ESG Watch: Why climate change is leaving mining firms between a rock and a hard place

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For most of us, when we think about mining and the environment, it tends to be about water and air pollution, disasters such as the fatal collapse of tailings dams, or the global warming consequences of coal mining.

But the extraction of metals such as copper, nickel and cobalt will be increasingly important as we urgently seek ways to cut emissions from other building blocks of the global economy such as steel, cement and aluminum.

By 2050, the World Bank forecasts that demand for the metals and minerals used to produce the clean energy technologies that will be needed to meet Paris Climate Agreement goals will increase by almost 500%.

New mines will bring increased risks to nature and biodiversity. Conservation group Re:wild warned recently, for example, that more than a third of Africa’s great apes are at risk because of the surge in demand for the minerals that are vital for green technologies.

At the same time, the sector is itself becoming more vulnerable to the impacts of climate change, including increased flooding, heatwaves, drought and increased competition for water. A McKinsey study found that 30%-50% of production for copper, gold, iron ore and zinc is in areas of high water stress, and those figures are predicted to rise.

“In Chile, 80% of copper production is already located in extremely high water-stressed and arid areas; by 2040, it will be 100%,” the consultancy says, adding that 40% of Russian iron ore production will suffer from extreme water stress by 2040.

Recently, mines from Brazil to Germany have had to shut down temporarily because of water shortages, costing their operators millions of dollars. Reducing the water intensity of mining operations will be crucial to improve the resilience of production assets. Extreme heat and sea level rise are other climate impacts the sector will have to address.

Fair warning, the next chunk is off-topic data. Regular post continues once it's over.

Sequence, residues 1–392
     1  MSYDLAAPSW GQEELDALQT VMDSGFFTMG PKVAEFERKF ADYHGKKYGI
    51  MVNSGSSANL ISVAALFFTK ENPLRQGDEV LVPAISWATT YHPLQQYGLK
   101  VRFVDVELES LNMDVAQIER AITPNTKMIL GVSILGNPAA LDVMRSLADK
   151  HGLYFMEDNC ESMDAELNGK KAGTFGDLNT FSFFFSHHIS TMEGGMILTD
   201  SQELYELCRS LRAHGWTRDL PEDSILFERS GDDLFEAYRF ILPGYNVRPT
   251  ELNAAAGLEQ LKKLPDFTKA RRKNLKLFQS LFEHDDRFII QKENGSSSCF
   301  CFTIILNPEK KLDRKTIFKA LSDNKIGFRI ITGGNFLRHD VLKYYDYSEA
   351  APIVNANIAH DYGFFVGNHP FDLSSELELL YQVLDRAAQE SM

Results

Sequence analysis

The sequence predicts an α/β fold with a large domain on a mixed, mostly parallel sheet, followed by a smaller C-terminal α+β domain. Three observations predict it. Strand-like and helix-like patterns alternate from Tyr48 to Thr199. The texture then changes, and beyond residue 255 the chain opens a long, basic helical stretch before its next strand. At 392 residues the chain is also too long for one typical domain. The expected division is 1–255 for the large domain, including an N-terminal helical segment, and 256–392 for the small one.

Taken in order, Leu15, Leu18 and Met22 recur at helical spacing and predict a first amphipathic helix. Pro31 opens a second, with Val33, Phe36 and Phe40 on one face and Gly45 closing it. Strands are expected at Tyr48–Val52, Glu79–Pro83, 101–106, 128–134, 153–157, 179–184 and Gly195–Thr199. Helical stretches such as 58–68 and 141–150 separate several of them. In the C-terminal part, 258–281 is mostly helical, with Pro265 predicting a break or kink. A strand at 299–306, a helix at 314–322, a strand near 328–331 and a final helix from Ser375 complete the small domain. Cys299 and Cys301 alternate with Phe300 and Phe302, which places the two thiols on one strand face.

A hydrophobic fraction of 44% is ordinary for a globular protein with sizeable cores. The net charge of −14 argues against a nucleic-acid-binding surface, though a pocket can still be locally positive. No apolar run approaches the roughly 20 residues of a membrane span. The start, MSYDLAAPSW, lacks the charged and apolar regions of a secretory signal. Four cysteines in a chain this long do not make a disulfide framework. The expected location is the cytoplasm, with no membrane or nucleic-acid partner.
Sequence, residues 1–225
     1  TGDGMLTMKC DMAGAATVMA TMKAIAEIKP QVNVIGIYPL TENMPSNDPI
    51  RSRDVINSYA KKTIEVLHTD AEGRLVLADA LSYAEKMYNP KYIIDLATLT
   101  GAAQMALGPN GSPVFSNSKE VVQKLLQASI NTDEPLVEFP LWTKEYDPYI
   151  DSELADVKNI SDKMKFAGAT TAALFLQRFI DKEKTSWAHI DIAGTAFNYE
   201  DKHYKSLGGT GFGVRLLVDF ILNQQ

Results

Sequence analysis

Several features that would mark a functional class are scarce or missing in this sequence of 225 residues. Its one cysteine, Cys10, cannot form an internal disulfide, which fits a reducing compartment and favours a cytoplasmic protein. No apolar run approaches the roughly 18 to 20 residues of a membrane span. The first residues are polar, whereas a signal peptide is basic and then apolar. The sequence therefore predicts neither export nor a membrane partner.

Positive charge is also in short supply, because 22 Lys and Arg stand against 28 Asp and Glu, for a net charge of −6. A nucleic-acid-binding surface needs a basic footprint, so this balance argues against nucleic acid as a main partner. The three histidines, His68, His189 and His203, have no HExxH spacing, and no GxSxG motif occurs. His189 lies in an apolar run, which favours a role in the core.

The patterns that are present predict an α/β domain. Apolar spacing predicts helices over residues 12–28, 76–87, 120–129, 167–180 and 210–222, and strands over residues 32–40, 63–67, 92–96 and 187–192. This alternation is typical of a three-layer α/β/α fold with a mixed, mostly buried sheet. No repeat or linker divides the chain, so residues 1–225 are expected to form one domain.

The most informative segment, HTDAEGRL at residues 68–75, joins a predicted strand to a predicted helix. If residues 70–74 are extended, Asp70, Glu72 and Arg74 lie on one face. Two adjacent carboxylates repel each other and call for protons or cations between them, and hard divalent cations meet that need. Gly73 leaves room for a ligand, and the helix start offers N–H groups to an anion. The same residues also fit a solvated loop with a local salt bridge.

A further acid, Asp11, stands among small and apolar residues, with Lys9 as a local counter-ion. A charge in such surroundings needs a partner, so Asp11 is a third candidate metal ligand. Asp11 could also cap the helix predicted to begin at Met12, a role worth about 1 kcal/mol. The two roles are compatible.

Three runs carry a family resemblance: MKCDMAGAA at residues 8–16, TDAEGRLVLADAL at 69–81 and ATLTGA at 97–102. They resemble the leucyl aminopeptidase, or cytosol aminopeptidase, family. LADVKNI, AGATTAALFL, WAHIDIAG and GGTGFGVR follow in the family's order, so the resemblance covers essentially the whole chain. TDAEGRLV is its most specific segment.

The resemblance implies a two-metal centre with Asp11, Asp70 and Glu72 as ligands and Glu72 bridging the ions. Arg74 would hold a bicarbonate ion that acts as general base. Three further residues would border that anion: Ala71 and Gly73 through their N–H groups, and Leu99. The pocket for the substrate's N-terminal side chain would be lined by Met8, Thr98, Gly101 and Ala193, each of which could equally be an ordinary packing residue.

The industry also faces pressure to cut its own emissions as businesses across the world increasingly look at the carbon impact of their supply chains.

“Although metals are not yet priced on their CO2 footprint, that day could come,” McKinsey points out.

Coal, which currently accounts for about half of the global mining market, may be flying high at the moment, but demand, not just from power generation but also from steelmakers and cement producers, will recede as the pressure to decarbonize increases. Many mining companies face having to rebalance their portfolios to replace revenues from coal production.

The Global Investor Commission on Mining 2030 was launched in 2023 to address key systemic risks that challenge the mining sector’s ability to meet the demands of the low-carbon transition. As they scale up production of transition minerals, “they must do so responsibly and without harm to communities and the environment – or risk conflict and opposition from host communities that will in turn undermine the global climate transition,” it says.